As if we weren’t in enough of a pickle, a new study claims that the western U.S. is in the midst of a megadrought affected by climate change.

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a field of dry soil and dead trees

“We now have enough observations of current drought and tree-ring records of past drought to say that we’re on the same trajectory as the worst prehistoric droughts,” the study’s lead author Park Williams, a bioclimatologist at Columbia University’s Lamont-Doherty Earth Observatory, said in a statement. “We’re no longer looking at projections, but at where we are now.”

Researchers say the 19-year drought the region has experienced since 2000 is as bad as any in the past 1,200 years. The study, published in the journal Science, looked at part of northern Mexico and the U.S. states of California, Oregon, Nevada, Idaho, Colorado, Utah, Wyoming, Arizona and New Mexico. So far, the only earlier drought that rivals the current one was one in the Medieval period that began in 1575. The researchers used tree ring data to estimate annual soil moisture for pre-modern data. They found four multi-decade droughts, aka megadroughts, dating back to 800 A.D.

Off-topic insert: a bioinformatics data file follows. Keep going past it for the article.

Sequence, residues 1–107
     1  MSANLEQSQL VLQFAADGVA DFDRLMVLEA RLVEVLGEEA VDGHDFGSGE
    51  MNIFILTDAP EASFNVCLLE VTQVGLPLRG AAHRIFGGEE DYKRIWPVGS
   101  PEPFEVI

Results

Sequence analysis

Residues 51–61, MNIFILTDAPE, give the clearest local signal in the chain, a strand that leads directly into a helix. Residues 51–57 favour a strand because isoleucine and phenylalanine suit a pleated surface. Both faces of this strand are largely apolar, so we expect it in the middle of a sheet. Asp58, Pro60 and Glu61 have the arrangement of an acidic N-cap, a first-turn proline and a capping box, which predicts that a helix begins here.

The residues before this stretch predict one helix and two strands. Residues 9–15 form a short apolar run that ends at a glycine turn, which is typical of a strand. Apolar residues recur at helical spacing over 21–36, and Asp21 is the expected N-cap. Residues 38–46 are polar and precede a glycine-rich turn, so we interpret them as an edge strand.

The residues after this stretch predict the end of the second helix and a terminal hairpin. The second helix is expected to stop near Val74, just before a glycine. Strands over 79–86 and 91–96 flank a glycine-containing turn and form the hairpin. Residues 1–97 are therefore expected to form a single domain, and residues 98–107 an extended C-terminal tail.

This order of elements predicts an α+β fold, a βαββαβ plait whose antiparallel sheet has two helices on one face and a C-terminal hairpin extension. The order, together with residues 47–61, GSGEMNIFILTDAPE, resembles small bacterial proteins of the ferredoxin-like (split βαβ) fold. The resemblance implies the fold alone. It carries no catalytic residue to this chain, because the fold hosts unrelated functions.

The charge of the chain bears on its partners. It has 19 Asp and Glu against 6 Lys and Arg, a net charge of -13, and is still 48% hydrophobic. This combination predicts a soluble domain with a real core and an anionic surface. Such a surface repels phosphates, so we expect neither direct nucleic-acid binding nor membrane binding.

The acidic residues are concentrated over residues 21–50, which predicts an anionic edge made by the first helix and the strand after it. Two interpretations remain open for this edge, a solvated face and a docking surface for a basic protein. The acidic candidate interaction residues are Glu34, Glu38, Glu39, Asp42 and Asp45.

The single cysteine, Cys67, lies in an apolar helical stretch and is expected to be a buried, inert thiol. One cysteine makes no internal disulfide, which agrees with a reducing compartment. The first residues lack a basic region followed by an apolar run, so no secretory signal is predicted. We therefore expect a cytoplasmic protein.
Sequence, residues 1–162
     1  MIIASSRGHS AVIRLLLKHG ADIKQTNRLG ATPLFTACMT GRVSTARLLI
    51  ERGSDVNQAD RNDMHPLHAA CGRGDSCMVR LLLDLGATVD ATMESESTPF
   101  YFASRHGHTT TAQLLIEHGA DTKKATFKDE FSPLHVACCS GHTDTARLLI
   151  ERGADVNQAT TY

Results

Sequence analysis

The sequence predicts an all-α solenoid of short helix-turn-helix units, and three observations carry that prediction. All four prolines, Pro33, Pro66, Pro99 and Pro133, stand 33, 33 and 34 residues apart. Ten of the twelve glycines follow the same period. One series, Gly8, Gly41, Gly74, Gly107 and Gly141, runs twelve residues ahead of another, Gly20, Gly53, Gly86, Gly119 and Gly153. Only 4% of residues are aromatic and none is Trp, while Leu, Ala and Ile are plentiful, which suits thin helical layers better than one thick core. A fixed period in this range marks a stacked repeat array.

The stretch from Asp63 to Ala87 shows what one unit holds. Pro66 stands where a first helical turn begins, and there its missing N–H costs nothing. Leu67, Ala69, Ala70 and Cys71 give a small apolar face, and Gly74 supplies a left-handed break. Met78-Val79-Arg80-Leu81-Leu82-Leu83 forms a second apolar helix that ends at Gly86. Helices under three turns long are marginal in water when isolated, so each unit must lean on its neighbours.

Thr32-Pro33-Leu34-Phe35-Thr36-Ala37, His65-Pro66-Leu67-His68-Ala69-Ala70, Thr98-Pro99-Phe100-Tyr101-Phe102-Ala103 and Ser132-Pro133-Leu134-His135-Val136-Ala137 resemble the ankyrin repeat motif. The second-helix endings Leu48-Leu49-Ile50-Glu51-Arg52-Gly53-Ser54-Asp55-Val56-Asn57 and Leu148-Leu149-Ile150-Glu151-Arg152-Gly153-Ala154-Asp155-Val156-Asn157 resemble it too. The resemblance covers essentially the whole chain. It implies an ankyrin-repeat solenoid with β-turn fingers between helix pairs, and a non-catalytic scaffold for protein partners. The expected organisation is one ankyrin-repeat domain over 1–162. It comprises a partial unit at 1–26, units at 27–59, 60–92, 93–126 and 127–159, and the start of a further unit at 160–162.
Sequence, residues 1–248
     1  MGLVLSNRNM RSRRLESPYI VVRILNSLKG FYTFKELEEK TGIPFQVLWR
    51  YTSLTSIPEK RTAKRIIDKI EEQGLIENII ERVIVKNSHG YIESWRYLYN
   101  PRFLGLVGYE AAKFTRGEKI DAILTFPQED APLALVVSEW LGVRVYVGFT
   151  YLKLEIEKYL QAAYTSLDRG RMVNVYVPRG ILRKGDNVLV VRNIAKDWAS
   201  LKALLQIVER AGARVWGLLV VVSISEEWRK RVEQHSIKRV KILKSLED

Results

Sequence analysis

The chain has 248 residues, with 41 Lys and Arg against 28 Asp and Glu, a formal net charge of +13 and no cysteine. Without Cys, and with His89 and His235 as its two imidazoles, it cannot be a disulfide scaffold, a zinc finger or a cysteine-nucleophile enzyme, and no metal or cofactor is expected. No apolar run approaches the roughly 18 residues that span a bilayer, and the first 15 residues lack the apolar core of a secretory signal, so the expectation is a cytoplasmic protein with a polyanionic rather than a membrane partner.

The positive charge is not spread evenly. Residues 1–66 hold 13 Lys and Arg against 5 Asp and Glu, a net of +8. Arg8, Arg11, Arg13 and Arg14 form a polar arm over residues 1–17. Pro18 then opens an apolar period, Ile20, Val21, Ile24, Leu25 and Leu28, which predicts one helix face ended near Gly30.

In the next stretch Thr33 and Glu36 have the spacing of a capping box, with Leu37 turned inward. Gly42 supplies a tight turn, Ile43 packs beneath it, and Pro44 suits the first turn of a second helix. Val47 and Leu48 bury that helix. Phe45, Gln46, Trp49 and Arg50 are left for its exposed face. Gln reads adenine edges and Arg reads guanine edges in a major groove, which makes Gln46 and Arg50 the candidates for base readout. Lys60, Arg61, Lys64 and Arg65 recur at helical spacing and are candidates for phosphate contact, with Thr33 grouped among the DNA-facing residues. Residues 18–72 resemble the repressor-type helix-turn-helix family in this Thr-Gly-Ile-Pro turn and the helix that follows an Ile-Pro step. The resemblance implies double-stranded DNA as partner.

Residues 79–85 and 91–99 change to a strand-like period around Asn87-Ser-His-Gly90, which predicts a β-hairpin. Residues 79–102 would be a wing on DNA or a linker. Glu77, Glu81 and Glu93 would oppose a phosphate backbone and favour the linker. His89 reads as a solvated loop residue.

closeup of a tree's rings

Natural variables play a role in drought. But studying the current drought, scientists put almost half the blame, or 47%, on global warming. “There is no reason to believe that the sort of natural variability documented in the paleoclimatic record will not continue into the future, but the difference is that droughts will occur under warmer temperatures,” said Connie Woodhouse, a University of Arizona climate scientist. Woodhouse was not involved in the study. “These warmer conditions will exacerbate droughts, making them more severe, longer, and more widespread than they would have been otherwise.”

The 20th century could also be blamed for giving humans false optimism. It was the wettest century in the whole 1200-year study, which helped the population boom. “The 20th century gave us an overly optimistic view of how much water is potentially available,” said co-author Benjamin Cook of Lamont and the Goddard Institute for Space Studies. The 21st century looks like it will be bringing drier decades.

+ Common Dreams

Via Earth Institute

Images via Pixabay